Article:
Definition of alcohol-related injuries

Alcohol-related injuries are injuries, which have been attributed to the effects of alcohol.1

Impact of alcohol-related injuries on Western Australia

Who does it impact?

In WA in 2012 alcohol was attributed to;2

  • 245 injury fatalities (17.5% of injury fatalities)
  • 5,911 injury hospitalisations (11.8% of injury hospitalisations)
  • 56,057 emergency department visits (32% of emergency department injury presentations)

In WA between 2000 and 2008, males accounted for 57% of all alcohol-related injury hospitalisations.2,3

In WA between 2000 and 2008 hospitalisations for alcohol-related injuries were highest within the age groups 65+ and 15 – 24.2

Alcohol contributed to 22.8% of injury hospitalisations for Aboriginal people in WA between 2000 and 2008, compared to 10.5% among non-Aboriginal people.2

What injury areas are most affected?

In WA between 2000 and 2008, alcohol was involved in;2

  • 3% of violence hospitalisations
  • 7% of self-harm hospitalisations
  • 5% of falls hospitalisations
  • 2% of land transport hospitalisations
  • 3% of drowning hospitalisations
  • 3% of fires, burns and scalds hospitalisations
  • 7% of poisoning hospitalisations.

Where does it occur?

In WA in 2012, the Kimberley had the highest proportion of alcohol-related injury hospitalisations compared to other regions in WA, with 20.2% of injury hospitalisations recorded as alcohol-related. This rate was followed by the Pilbara and Goldfields (16.5% and 13.9% of the alcohol-related injury hospitalisations, respectively).2

What is the impact on the health system?

In 2012, the total lifetime cost of alcohol-related injury in WA was an estimated $1.9 billion due to health care costs, longterm care needs, loss in paid productivity, and quality of life lost.2

In 2012 injury deaths and hospitalisations, which could be attributed to alcohol involvement, had a higher mean cost per event compared to those without alcohol involvement, at $211,694 compared to $138,455.2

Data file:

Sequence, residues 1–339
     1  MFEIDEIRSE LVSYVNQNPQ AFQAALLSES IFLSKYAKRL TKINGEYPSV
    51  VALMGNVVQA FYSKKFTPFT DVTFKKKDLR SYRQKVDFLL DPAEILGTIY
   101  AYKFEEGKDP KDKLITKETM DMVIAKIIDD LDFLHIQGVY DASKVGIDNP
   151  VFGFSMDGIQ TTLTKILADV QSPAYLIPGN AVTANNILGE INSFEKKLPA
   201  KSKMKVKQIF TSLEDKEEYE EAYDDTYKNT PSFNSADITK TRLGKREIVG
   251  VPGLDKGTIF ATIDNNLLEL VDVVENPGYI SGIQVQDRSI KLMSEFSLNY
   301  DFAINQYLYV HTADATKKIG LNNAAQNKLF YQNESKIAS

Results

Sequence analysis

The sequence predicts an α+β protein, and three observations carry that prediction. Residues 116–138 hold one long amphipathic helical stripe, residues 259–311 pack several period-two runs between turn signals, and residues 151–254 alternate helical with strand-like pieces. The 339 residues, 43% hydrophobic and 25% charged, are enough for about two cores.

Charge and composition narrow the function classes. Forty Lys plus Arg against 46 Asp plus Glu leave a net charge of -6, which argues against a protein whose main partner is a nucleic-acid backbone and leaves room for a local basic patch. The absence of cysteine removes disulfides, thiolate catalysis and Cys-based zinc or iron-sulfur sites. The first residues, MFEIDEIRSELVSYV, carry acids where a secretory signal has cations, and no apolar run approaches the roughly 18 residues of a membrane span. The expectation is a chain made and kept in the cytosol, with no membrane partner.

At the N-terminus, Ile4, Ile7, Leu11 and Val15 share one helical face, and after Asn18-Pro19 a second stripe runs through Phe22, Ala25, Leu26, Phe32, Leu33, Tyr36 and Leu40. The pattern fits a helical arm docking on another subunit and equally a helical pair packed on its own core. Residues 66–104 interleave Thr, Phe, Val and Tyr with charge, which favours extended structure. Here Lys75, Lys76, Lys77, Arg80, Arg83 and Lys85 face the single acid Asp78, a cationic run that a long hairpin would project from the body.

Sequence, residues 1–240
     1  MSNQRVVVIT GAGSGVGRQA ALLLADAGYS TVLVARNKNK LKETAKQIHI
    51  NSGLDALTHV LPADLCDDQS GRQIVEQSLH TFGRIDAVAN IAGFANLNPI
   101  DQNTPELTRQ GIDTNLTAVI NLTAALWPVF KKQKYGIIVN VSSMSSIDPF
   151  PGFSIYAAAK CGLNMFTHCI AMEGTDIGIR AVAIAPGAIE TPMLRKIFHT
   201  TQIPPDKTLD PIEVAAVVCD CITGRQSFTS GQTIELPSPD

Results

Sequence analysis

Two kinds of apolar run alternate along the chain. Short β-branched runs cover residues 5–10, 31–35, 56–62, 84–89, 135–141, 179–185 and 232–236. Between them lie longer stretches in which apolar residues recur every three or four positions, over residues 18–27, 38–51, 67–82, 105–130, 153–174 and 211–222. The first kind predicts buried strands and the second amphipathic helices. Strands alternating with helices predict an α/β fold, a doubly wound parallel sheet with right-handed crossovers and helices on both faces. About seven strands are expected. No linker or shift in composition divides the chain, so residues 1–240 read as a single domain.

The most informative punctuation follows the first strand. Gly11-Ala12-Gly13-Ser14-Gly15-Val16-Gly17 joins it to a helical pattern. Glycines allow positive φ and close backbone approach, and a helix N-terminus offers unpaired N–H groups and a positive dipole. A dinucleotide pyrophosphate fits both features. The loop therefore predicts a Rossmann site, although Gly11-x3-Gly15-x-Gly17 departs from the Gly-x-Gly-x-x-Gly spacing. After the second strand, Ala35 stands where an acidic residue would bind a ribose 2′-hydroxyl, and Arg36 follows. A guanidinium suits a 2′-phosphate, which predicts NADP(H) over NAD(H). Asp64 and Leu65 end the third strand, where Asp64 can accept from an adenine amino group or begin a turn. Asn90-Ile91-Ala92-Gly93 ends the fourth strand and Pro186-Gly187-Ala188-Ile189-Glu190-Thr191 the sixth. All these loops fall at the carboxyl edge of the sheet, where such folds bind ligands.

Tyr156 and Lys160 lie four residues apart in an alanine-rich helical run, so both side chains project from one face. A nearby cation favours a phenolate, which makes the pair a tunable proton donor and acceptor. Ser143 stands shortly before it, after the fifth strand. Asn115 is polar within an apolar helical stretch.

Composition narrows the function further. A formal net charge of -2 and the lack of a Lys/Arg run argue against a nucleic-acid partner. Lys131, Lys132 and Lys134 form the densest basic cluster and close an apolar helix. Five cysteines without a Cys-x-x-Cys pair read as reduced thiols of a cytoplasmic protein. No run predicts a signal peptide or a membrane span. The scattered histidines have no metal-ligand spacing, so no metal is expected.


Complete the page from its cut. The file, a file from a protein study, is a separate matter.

Determinants of alcohol-related injuries (Risk / Protective Factors)

Social Determinants

Socio-economic status (SES)

Factors which have been proven to influence injury risk for an individual with a low SES, include; consumption of alcohol, poor housing, unsafe drinking environments and social drinking practices.4 In addition to these contributing factors, medical care is less likely to be available to those with a lower SES, resulting in alcohol-related injuries having greater consequences to individuals with a lower SES.4

Environmental, Community and Organisational Determinants

The location of an injury has been highlighted as an influential factor in the incidence of alcohol-related injuries. An analysis of 45 worldwide Emergency Department studies indicated that alcohol-related injuries were most prevalent in a restaurant or bar and least likely to occur at a school / workplace.5 These findings support the need for legislation and other preventative measures to focus on locations where the incidence of alcohol-related injuries are higher.

Behavioural and Individual Determinants

In Western Australia between 2000 and 2008 males accounted for 57% of all alcohol-related community injury hospitalisations.3 The cause of alcohol-related injury also differs between genders, as falls, interpersonal violence and self-harm were the leading causes of female hospitalisation due to alcohol-related injury, while interpersonal violence, falls and road crashes were the leading injury causes for males.3